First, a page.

The 3 Principle Sources of Funding Every Startup Needs For many founders, raising money is the single most stressful part of getting their startups off the ground. Here's how to fix that.
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For many founders, raising money is the single most stressful part of getting their startups off the ground.
After all, a multi-billion dollar idea doesn't become a multi-billion dollar company without the funds needed to purchase capital, hire staff and capture the attention of prospective customers.
For many founders, this means taking an investment from a venture capital firm in exchange for a stake in the company. With the media trumpeting a seemingly endless number of new funding rounds across the startup landscape, it's no wonder that the single biggest question I get from first-time entrepreneurs is, "How do I find a venture capital firm to invest in us?"
And yet, despite the many venture-backed successes we've seen these past few years, the truth is that fewer than one in 10 startups are able to get a VC firm onboard.
The good news is that venture capital is just one of a number of ways founders can get the cash they need to bring their visions to fruition.
Here are the three main categories of funding every entrepreneur should be familiar with before they try their hand at launching a company.
Believe it or not, it's entirely possible to build a company without taking outside money -- and in some cases, it's the best option.
Bootstrapping typically entails building a company from some combination of personal savings and borrowed money from friends and family.
While this might sound like a dicey proposition, smart founders are able to get the most bang for their buck by launching their companies in countries like Vietnam or Chile, where the cost of living is relatively low, and by applying for government grants to tide them over until the revenues start rolling in.
In recent years, bootstrapping has been made more attractive by crowdfunding platforms like Kickstarter and Indiegogo, which allow members of the public to give cash donations in exchange for early access to a company's product or other perks. This tool allows founders to gain access to capital without giving up potentially valuable equity, and helps them get a gauge of consumer demand prior to launch.
If bootstrapping isn't a possibly, founders might do well to trade a stake in their company for a capital infusion. While venture capital firms are best for startups who need lots of cash and intend to grow extremely quickly, there are plenty of other equity options for founders with different business strategies.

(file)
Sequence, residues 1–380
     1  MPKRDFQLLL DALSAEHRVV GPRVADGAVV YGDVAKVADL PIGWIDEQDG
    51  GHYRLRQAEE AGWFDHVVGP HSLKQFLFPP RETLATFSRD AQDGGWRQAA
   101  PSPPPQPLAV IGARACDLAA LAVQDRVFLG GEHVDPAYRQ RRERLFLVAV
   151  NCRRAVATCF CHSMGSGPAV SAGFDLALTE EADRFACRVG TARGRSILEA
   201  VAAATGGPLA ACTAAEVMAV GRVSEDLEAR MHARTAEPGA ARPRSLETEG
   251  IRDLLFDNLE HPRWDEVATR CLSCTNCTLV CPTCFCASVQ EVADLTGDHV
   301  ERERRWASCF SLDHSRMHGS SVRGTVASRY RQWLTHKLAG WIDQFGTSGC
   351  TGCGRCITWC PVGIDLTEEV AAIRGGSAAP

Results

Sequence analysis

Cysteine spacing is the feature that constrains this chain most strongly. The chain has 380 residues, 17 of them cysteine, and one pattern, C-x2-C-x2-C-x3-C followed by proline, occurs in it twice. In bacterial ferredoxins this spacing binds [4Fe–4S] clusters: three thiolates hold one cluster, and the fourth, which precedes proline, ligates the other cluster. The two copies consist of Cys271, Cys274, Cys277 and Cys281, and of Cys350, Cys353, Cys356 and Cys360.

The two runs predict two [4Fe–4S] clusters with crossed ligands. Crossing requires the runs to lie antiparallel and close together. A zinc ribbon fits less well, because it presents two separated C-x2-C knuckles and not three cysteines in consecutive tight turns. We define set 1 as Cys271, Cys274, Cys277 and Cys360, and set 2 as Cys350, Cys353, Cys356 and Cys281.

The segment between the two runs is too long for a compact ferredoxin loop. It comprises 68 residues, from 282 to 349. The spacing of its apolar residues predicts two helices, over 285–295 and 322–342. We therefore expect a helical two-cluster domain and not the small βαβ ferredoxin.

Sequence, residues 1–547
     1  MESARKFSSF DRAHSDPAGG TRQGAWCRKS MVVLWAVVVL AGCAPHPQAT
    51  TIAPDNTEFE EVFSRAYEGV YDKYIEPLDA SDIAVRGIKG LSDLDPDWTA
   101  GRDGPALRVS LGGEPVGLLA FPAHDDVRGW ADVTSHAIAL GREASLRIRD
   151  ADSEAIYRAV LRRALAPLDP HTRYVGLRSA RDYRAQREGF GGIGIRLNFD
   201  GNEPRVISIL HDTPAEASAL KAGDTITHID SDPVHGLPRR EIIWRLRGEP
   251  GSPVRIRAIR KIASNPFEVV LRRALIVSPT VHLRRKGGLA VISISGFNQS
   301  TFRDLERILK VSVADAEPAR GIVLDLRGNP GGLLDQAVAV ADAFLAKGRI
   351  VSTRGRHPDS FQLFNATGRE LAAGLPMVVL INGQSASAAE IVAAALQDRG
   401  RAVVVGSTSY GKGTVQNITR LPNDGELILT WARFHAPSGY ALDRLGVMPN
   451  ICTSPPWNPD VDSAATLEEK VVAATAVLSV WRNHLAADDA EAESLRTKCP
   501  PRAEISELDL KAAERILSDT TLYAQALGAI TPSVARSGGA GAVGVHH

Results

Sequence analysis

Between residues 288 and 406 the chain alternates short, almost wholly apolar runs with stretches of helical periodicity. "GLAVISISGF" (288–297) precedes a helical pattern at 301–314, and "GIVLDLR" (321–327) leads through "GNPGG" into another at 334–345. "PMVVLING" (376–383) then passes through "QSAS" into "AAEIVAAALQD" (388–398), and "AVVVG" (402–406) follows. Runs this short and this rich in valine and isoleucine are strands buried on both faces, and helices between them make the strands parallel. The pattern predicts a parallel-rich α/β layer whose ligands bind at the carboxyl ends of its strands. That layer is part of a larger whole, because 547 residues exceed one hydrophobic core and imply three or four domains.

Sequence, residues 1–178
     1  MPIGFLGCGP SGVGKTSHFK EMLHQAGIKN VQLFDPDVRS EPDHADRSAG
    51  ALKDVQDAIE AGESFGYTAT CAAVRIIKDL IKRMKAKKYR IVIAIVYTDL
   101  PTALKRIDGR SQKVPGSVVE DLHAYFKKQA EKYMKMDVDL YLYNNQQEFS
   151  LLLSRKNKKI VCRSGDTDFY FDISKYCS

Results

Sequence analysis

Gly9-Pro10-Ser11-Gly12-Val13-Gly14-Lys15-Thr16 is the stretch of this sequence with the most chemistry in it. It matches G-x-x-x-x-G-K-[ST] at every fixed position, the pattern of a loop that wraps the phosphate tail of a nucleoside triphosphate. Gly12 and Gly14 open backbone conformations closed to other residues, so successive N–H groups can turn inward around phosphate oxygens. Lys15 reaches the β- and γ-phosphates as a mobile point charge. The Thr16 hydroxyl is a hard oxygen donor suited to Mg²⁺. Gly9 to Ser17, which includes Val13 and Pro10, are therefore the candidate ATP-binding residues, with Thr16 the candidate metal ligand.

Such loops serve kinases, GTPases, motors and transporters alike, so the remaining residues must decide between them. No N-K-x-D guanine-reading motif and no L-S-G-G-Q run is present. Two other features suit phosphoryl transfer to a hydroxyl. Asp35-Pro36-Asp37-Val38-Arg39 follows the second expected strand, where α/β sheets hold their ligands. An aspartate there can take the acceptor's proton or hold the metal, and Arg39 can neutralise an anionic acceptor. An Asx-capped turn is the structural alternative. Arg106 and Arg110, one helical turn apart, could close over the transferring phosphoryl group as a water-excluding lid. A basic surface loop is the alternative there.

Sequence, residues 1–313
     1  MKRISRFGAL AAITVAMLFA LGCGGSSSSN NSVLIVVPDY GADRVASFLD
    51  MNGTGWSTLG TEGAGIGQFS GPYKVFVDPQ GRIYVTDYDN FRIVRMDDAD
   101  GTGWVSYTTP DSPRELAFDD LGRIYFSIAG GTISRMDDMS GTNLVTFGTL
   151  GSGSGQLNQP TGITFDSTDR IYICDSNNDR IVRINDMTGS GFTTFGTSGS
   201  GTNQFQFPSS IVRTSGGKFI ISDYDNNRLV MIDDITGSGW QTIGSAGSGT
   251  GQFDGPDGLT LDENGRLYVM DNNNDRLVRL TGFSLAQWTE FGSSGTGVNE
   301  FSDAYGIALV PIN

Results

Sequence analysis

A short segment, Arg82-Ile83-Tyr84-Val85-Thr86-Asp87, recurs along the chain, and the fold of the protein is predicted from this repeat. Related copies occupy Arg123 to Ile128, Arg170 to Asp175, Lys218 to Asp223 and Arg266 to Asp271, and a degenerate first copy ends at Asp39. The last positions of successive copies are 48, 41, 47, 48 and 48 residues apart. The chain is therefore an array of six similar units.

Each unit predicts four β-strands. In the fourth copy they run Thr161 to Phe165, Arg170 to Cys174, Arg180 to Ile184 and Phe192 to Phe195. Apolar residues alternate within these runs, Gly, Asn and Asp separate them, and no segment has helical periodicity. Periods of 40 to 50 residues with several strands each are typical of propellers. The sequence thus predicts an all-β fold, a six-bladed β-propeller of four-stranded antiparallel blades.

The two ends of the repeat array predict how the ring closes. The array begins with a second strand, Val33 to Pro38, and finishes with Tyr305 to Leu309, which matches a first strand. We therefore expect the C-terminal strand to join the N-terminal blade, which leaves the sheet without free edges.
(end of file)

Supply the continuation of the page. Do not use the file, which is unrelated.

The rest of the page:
For starters, new founders may want to try getting their company into an accelerator, a two- or three-month program designed to help startups work through the early stages of their development and find potential investors at the program's conclusion.
Accelerators have launched success stories like Dropbox and Airbnb, whose founders received a small amount of funding and valuable mentorship from experienced entrepreneurs in exchange for somewhere between a 7% and 10% stake in their companies.
Startup founders can find a similar combination of funding and mentorship by seeking out angel investors, a group of rich individuals -- often former entrepreneurs themselves -- who make small investments in new companies. Founders looking for somewhere to start can try searching for angels at networking events or on the website AngelList.
On the other end of the spectrum, startups also sometimes receive what are called "strategic investments" from larger, more established companies looking for an edge over their competitors. For instance, Microsoft made a $15 million investment in Foursquare last year in a deal that allowed it to start using the company's check-in data.
It's not always a good idea for a young startup to go into the red early in its lifespan, so debt funding is best thought of as something of a last resort. However, in certain situations where a small amount of money is needed very quickly, it might make sense for a company to take out a regular, old loan and spare itself the hassle of finding an investor.
In these cases, I'd advise founders to research whether their businesses are eligible for government-backed loans, which usually have favorable interest rates and flexible repayment schedules.
As you can see, there is no shortage of ways founders can get access to the capital they need to make their businesses successful, even if they can't find a VC firm to commit to them.
And regardless of which route a new founder ultimately chooses to go down, it is crucial that he or she takes the time to carefully consider the startup's goals and how its funding strategy will help it achieve them.